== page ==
Updated: April 6, 2007, 11:53 AM ET

How Spurs contain potent Suns

A few questions after the San Antonio Spurs defeated the Phoenix Suns 92-85 on Thursday in a likely preview of the Western Conference semifinals . . .

The Suns' lead has slipped to just two games on the Spurs in the standings, but it's effectively one game since the Spurs hold the tiebreaker by virtue of taking the season series, 2-1. What's the danger of Phoenix falling down to the No. 3 seed?

The possible issue to watch for is how this fall could psychologically affect this team. Their focus this season has been on trying to get home-court advantage for the entire playoffs. Now all of a sudden, you could see they might not get home court in the West finals, and not even the second round. And I think home-court will mean a lot more to Phoenix than it does San Antonio if and when the two teams meet.

Anything else worrisome for the Suns?

Depth. The Suns haven't played great down the stretch, and some of it has to do with fatigue. Every Phoenix starter played at least 34 minutes in this one. James Jones was totally taken out, and he's an important one-way player -- if he only takes three shots, he's not helping you. Kurt Thomas played only 14 minutes -- he has to be able to play more against Tim Duncan, because he has the physical and mental ability to defend Duncan.

How do the Spurs frustrate such an offensive juggernaut?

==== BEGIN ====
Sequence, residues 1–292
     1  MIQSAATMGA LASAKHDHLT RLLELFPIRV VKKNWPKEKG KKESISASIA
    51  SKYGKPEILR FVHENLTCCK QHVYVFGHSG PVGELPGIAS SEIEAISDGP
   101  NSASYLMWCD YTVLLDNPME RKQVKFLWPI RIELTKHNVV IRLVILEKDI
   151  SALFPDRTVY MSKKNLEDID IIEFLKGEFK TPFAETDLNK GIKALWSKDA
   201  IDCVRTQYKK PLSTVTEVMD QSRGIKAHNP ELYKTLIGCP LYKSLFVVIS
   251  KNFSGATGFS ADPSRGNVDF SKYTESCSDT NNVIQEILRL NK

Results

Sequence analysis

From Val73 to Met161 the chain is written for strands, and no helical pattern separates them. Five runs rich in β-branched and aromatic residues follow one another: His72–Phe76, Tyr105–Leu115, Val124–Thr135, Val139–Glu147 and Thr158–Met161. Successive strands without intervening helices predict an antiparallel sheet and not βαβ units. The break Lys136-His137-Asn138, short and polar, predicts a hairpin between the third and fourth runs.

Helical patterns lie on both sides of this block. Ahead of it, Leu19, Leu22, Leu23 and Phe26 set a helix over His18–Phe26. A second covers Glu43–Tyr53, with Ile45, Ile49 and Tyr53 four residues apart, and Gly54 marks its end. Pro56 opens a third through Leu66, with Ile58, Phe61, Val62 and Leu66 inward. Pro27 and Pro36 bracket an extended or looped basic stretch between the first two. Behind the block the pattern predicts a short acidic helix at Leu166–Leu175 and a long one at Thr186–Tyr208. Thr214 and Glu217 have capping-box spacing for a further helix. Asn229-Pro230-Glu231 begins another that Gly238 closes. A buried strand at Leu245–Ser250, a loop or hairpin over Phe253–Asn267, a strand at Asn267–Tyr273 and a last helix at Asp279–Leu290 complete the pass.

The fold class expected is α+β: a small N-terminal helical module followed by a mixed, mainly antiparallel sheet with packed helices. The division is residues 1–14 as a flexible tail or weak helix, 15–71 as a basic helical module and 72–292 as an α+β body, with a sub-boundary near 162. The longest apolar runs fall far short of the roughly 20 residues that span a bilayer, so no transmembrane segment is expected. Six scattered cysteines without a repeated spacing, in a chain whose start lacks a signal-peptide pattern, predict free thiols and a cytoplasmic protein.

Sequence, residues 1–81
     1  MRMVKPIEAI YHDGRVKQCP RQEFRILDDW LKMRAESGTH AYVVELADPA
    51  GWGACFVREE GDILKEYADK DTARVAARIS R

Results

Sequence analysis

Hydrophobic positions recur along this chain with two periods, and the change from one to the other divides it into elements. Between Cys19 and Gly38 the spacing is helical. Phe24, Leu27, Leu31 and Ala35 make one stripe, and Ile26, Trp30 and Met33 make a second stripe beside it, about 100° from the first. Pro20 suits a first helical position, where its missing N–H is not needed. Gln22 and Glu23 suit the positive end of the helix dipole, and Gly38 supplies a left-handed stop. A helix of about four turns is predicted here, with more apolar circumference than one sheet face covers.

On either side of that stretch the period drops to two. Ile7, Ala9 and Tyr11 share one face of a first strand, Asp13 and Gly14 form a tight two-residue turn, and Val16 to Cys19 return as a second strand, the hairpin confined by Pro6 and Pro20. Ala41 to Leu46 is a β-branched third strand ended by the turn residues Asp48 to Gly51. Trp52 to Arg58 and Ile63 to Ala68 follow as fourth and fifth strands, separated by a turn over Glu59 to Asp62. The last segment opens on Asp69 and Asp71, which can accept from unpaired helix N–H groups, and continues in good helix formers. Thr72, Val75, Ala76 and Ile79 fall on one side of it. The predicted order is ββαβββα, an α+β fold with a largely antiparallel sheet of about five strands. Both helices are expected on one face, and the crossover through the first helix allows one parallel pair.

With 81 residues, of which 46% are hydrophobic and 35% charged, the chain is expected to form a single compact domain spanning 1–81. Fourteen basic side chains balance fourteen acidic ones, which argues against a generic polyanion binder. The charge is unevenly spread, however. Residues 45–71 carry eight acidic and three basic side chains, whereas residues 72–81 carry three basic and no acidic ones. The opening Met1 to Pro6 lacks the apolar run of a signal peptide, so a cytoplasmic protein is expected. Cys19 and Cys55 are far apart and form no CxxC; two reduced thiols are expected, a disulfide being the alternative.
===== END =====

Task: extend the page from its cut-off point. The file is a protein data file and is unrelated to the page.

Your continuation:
Because of how they play, they don't allow you to always expose their one-way players. If you're strong enough to impose your will, you put guys in position to succeed. Take Bruce Bowen. He took only four shots --- if you're the Suns, you've got to force him to take 10-12 shots. But Phoenix is not good enough defensively to do so. And that helps Bowen's confidence in putting all his energy in defending a guy like Steve Nash.

What's the key for San Antonio when they play an offensive powerhouse like the Suns?

They can take away 3-point shots from Suns. They Suns live on that 3-pointer, and you can take a way a lot of the effectiveness of their role players when you defend it well. The Suns made 2-of-11 3's in this loss.

The other thing the Spurs do well is having guys they can put on Nash. They have the discipline to keep their eyes on Nash's options when he makes his penetration -- they take away his angles on the interior and perimeter passing. When he threads the needle for what would be an assist against many other teams, ends up being a turnover against the Spurs.

You expect these two to meet in the conference semifinals?

Yes. And I expect the Spurs to struggle in the first round, which they seem to do every year that they win a championship. And they could struggle against whomever they face, whether it's the Lakers or the Nuggets. They could lose two games, but that just conditions them for the next rounds. Even last year they lost twice to the Kings. Either possible first-round team would be difficult for them.

The Spurs are a nightmare for the Suns. The Spurs are going to be able to slow the game down because of Duncan and Parker. Parker (season-high 35 points on Thursday) gets where he wants to go. And they're going to rebound the basketball with Duncan in there. Those two things can limit the effectiveness of what the Suns like to do.

Dictating tempo. We'll be hearing that a lot in the weeks ahead.

Let's go back to how the Lakers controlled tempo with Kwame Brown in last year's playoffs. I think it's safe to say San Antonio has the man for the job in Tim Duncan. And I think that will have a lot to do with the outcome.

Watch ESPN analyst Greg Anthony on NBA Shootaround on Friday (7:30 ET, ESPN) before Cavs/Wizards (8 ET) and Mavs/Nuggets (10:30 ET). (Questions above posed by ESPN.com editor Andrew Ayres)

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